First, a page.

Why Old Boys bring new things to school life

 One of the most impressive aspects of Bolton School that I found in my time there is the vibrancy and engagement of the Old Boys’ or alumni network. The sense that those who have passed through the school valued their time there and will engage with those who are in the school in the present day is a remarkable and significant strength.

The first aspect of this strength is the sense of continuity it brings between the generations. Old Boys’ (of course that term does not imply any great age – the youngest are 19 years old straight from school) come back to school to give of their time to inspire the current pupils with both their talents and the tales of their lives. This raises aspirations as well as informing. This can be at careers events, special lectures or in some cases where travel is tricky, by Skype. The presence and involvement of adults other than teachers in education is something that is important to any school. If we label schools as the preserve of the young and those paid to work with them we make them too separate. We miss the chance for a much wider educational experience and to bind the generations together with the common cause of building a strong society.

In the past few months we have met a World Champion mountain biker, a chess Grandmaster as well as members of a whole range of professions. And in a few weeks an old Boy will drop by in his RAF helicopter. Giving of time and talents in this way enhances the experience of school life for all. It also helps the pupil’s value school life if they see a wide range of adults engage in their world.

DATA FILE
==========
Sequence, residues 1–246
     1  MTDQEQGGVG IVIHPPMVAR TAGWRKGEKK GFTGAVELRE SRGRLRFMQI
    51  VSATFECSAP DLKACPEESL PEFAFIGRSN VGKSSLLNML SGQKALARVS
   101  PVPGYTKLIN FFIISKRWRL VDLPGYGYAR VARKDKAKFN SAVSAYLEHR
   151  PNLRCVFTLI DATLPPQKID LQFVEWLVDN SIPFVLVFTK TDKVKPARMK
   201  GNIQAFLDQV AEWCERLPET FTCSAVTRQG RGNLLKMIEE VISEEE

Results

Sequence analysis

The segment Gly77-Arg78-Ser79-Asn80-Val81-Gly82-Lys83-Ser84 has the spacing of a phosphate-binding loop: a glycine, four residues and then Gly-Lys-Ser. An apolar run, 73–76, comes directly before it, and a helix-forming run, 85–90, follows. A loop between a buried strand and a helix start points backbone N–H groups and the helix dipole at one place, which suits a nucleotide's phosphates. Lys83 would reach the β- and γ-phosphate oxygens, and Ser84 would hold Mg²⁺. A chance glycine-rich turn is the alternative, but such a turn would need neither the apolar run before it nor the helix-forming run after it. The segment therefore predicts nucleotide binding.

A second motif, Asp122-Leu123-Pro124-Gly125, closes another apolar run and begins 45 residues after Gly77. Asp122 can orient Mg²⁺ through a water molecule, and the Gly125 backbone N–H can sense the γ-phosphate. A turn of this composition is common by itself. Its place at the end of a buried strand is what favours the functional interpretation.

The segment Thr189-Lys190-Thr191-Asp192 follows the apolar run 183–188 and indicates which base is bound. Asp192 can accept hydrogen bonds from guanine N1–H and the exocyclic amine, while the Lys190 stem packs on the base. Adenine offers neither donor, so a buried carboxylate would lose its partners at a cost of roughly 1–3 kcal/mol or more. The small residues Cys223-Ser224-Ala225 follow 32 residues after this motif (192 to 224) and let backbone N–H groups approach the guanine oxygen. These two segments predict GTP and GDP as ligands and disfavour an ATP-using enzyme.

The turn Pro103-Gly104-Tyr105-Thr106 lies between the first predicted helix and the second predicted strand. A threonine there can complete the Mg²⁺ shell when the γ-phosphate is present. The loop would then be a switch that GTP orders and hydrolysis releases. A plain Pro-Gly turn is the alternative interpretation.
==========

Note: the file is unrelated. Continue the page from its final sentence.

Another impressive aspect of this engagement is in charitable giving. 1 in 5 boys and girls at Bolton School are funded by bursaries. Of those a good number have free places. That is funded almost entirely by mostly anonymous charitable donations from former pupils. So often I hear people tell the story of their own school days, the difference made by a good teacher, an affection for the school and a strong sense of wanting to ‘give back’, so that a future generation can also benefit. The set of values that lead to his sense of giving back is immensely impressive and commendable. It is also a set of values useful to society at large. Many of the adult community in Bolton, as in other towns, ‘give back’ with their voluntary work. It is, once again, an attitude that binds together society.

And finally the Old Boys’ association has a large number of events where former school friends socialise and enjoy one another’s company. It is a truth that lifelong friendships are formed at school and it is good to see those being given an opportunity to continue into later life. It is always amazing how quickly former school friends, apart for decades, pick up the threads of a strongly formed bond. This sense of belonging is crucial to a strong society.

So I am most impressed by the Old Boys’ of my school. But what I want to argue is that it is simply an example of a set of attitudes that are the hallmark of a strong society and the sort of community in which we would all wish to live: with a bond between the generations, a sense of giving back and a place to enjoy friendship.

Join the Bolton School Alumni network at boltonalumninetwork.com

About Philip Britton

Philip Britton is Headmaster of Bolton School Boys' Division. He was brought up on Tyneside, took a first in physics at Oxford and did teacher training at Cambridge. He worked as physics teacher, Head of Physics and Deputy Head at Leeds Grammar School before moving to Bolton in 2008. In 2010 he was awarded an MBE for services to physics and is a Fellow of the Institute of Physics where he has been much involved in physics education, encouraging teachers to encourage the next generation of physicists.